More on what wonders a dog can appreciate

Last Sunday afternoon, I was walking with a neighbor’s beagle named Sadie. As we explored a sandbar along the shore of the Merrimack River under a sunny blue sky, we heard an engine sound coming from downriver. We both looked together, and saw a powered tricycle paraglider following the curves of the riverbank, headed our way, flying low, perhaps 12 meters or about 40 feet aloft.

Sadie moved closer, standing quietly beside me, motionless except for her eyes and the tilt of her head. She looked up at me briefly, then skyward, maintaining her gaze on the ultralight as it passed directly over us. I doffed my cap to the pilot, whose craft was soon out of sight, somewhere behind us blocked from view by the surrounding trees. Sadie looked up at me again. After our eyes met, she eventually returned to her survey of the sandbar, and shortly thereafter decided we should leave for home.

A few years ago, the Uncertaintist considered whether or not a dog could appreciate a stage magic trick. (Click on the screen shot to read the story.) The post featured an anecdote in which the beloved Akita Clea seemed to me to have communicated her awe and wonder for a movie-magic miracle in a film that we were watching together.

The post went on to discuss what might be needed to collect more messages of awe and wonder from other dogs.

“The toughest part of repeating the experience with another dog might be to get the dog to watch closely. Maybe that’s where the treats came in for the magician in the other blogger’s video. Something was needed to hold the dog’s attention, even at the price of having the teasing overpower the wonder. By good luck, or by Edward Norton’s skill [the actor who played the magician in the film we were watching], Clea’s attention was gotten and held without teasing her, and then, when magic unfolded, she was impressed with what she saw.”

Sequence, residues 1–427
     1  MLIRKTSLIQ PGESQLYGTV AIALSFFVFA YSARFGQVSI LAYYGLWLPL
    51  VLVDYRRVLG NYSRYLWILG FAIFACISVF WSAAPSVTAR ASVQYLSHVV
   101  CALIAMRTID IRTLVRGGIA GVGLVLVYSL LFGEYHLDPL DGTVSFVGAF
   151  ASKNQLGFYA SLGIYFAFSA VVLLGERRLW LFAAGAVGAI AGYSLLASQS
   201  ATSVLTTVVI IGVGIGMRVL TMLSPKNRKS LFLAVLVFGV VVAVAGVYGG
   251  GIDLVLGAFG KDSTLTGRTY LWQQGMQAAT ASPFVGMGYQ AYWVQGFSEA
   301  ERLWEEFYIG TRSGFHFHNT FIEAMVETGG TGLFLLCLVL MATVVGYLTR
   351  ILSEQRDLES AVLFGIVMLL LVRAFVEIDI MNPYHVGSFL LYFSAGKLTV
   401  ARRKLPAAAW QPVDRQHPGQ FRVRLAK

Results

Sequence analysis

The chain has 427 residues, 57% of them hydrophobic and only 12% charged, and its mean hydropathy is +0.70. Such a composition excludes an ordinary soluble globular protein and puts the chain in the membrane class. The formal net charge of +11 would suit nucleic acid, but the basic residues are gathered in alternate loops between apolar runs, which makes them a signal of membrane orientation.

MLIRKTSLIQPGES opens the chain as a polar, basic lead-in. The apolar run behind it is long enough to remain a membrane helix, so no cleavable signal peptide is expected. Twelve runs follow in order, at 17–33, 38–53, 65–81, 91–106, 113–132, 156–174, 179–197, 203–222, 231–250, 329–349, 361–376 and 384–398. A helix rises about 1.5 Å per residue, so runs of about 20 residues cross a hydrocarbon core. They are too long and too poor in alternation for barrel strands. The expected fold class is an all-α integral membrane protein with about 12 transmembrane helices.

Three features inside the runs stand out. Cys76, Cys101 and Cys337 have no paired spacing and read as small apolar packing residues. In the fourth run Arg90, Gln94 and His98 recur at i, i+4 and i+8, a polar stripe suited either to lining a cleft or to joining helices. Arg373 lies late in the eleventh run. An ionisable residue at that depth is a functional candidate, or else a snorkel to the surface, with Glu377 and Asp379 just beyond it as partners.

Sadie

Sadie

An ultralight is not magic (yet not so long ago…), but its close encounter was a source of wonderment, fitting for a minor miracle. I have no serious doubt that Sadie’s attentive behavior as the craft flew over us, so similar to my own demeanor, is best explained as her experiencing a mental state not radically different than my own. Perhaps her affect was more intense than mine, since it is entirely possible that she had never before seen the like.

In any case, there was no problem at all getting Sadie to watch closely. When the unusual, absorbing and beautiful unfolded as she watched, she was impressed with what she saw. I have no serious doubt of that, so effectively did Sadie communicate her feelings and her interest in whether I was feeling the same.


External photo credit: The image of the ultralight is reblogged from That Adventure Life (link).

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Brothers III: Like Paul

Paul sends a letter

The previous installment (link) concluded that Paul would plausibly have referred to some distinguished fellow apostles as the brothers of the Lord, whether or not there were any kin or former disciples of Jesus for Paul to describe that way. Paul habitually used fraternal language. He often called attention to distinctions among the early apostles. He may have meant that these brothers were former intimates of a historical Jesus, but he may instead have meant they were “like Jesus” in other ways.